Regardless of the distribution of the population, the distribution of sample means drawn from the population will tend to follow a normal curve

    1. The mean of the sampling distribution (𝑥 ) will be the same as the population mean m

    𝑥 = 𝜇

    𝜎 𝑥 =

    𝜎

    𝑛

    2. The standard deviation of the sampling distribution (sx) will equal the population standard deviation (s) divided by the square root of the sample size, n

  • POPULATION AND SAMPLING DISTRIBUTIONS

    Three population distributions

    Beta

    Normal

    Uniform

    Distribution of sample means

    Standard deviation of the sample means = sx =

    s

    n

    Mean of sample means = 𝑥

    | | | | | | |

    -3sx -2sx -1sx x +1sx +2sx +3sx

    99.73% of all x fall within ± 3sx

    95.45% fall within ± 2sx

  • SAMPLING DISTRIBUTION

    x = m

    (mean)

    Sampling distribution of means

    Process distribution of means

  • TYPES OF DATA

     Characteristics that can take any real value

     May be in whole or in fractional numbers

     Continuous random variables

    Variables Attributes

     Defect-related characteristics

     Classify products as either good or bad or count defects

     Categorical or discrete random variables

  • CONTROL CHARTS FOR VARIABLES

    • For variables that have continuous dimensions

    • Weight, speed, length, strength, etc.

    • x-charts are to control the central tendency of the process

    • R-charts are to control the dispersion of the process

    • These two charts must be used together

  • SETTING CHART LIMITS

    For x-Charts when we know s

    Upper Control limit UCL = x + zσx

    Lower Control limit LCL = x − zσx

    where x = mean of the sample means or a target value set for the process

    z = number of normal standard deviations

    sx = standard deviation of the sample means = s/ n

    s = population standard deviation

    n = sample size

  • EXAMPLE 1

    • The weights of Oat Flakes within a large production lot are

    sampled each hour. Managers want to set control limits that

    include 99.73% of the sample means.

    • Randomly select and weight 9 boxes each hour.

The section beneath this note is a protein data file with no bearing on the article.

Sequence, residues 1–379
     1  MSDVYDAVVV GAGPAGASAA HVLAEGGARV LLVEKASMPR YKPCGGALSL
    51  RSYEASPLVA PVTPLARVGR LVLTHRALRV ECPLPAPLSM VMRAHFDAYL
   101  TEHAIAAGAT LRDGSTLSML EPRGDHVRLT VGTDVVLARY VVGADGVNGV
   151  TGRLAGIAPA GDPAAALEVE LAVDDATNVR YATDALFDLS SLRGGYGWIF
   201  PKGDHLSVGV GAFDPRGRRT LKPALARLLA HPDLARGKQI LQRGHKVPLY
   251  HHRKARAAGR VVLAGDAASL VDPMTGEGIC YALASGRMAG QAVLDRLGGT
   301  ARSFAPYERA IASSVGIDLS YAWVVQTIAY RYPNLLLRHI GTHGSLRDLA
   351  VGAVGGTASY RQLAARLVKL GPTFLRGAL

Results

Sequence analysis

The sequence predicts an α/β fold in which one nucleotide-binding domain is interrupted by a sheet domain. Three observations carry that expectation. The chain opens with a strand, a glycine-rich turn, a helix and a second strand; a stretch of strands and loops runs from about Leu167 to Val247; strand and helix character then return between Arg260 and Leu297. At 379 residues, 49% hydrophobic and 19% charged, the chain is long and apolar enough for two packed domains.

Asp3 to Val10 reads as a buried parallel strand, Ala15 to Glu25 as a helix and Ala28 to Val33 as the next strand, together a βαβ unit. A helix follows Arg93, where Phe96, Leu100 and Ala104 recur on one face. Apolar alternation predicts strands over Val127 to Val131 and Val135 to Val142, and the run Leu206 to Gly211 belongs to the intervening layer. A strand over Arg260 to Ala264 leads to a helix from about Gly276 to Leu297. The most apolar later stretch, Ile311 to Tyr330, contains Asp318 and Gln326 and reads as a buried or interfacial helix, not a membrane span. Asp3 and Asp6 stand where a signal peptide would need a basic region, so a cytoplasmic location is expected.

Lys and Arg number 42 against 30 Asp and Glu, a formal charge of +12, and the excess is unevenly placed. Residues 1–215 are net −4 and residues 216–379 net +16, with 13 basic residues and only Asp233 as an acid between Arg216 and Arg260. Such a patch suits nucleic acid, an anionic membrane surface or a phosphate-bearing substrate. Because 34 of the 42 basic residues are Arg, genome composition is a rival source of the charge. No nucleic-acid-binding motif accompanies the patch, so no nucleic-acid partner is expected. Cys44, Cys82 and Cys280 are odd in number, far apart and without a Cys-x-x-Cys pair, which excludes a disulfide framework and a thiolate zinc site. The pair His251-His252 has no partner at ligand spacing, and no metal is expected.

• Population standard deviation (𝜎) is known to be 1 ounce.

    • Each of the boxes randomly selected in hours 1 through 12.

  • EXAMPLE 1: SETTING CONTROL LIMITS

    Hour 1

    Sample Weight of Number Oat Flakes

    1 17

    2 13

    3 16

    4 18

    5 17

    6 16

    7 15

    8 17

    9 16

    Mean 16.1

    s = 1

    Hour Mean Hour Mean

    1 16.1 7 15.2

    2 16.8 8 16.4

    3 15.5 9 16.3

    4 16.5 10 14.8

    5 16.5 11 14.2

    6 16.4 12 17.3 n = 9

    LCL = x − zσx = 16 − 3 1

    9 = 15 𝑜𝑧𝑠

    For 99.73% control limits, z = 3

    UCL = x + zσx = 16 + 3 1

    9 = 17 𝑜𝑧𝑠

  • EXAMPLE 1: SETTING CONTROL LIMITS

    • The means of recent sample averages falls outside the UCL and LCL of 17 and 15.

    • The process is NOT in control

    17 = UCL

    15 = LCL

    16 = Mean

    Control Chart for sample of 9 boxes

    Sample number

    | | | | | | | | | | | |

    1 2 3 4 5 6 7 8 9 10 11 12

    Variation due to assignable

    causes

    Variation due to assignable

    causes

    Variation due to natural causes

    Out of control

    Out of control

  • SETTING CHART LIMITS

    For R-Charts

    Lower Control limit LCL𝑅 = 𝐷3𝑅

    Upper Control limit UCL𝑅 = 𝐷4𝑅

    where

    R = average range of the samples

    D3 and D4 = control chart factors from Table

  • CONTROL CHART FACTORS

    Sample Size Mean Factor Upper Range Lower Range n A2 D4 D3

    2 1.880 3.268 0

    3 1.023 2.574 0

    4 .729 2.282 0

    5 .577 2.115 0

    6 .483 2.004 0

    7 .419 1.924 0.076

    8 .373 1.864 0.136

    9 .337 1.816 0.184

    10 .308 1.777 0.223

    12 .266 1.716 0.284

  • EXAMPLE 2

    • The average range of a product at Clinton manufacturing is 5.3

    pounds. With a sample size of 5, the owner wants to determine

    the UCL and LCL.

    • From Table of Control Chart Factor

    • n = 5

    • 𝐷4 = 2.115

    • 𝐷3 = 0

  • EXAMPLE 2 : SETTING CONTROL LIMITS

    UCLR = D4R

    = (2.115)(5.3)

    = 11.2 pounds

    LCLR = D3R

    = (0)(5.3)

    = 0 pounds

    UCL = 11.2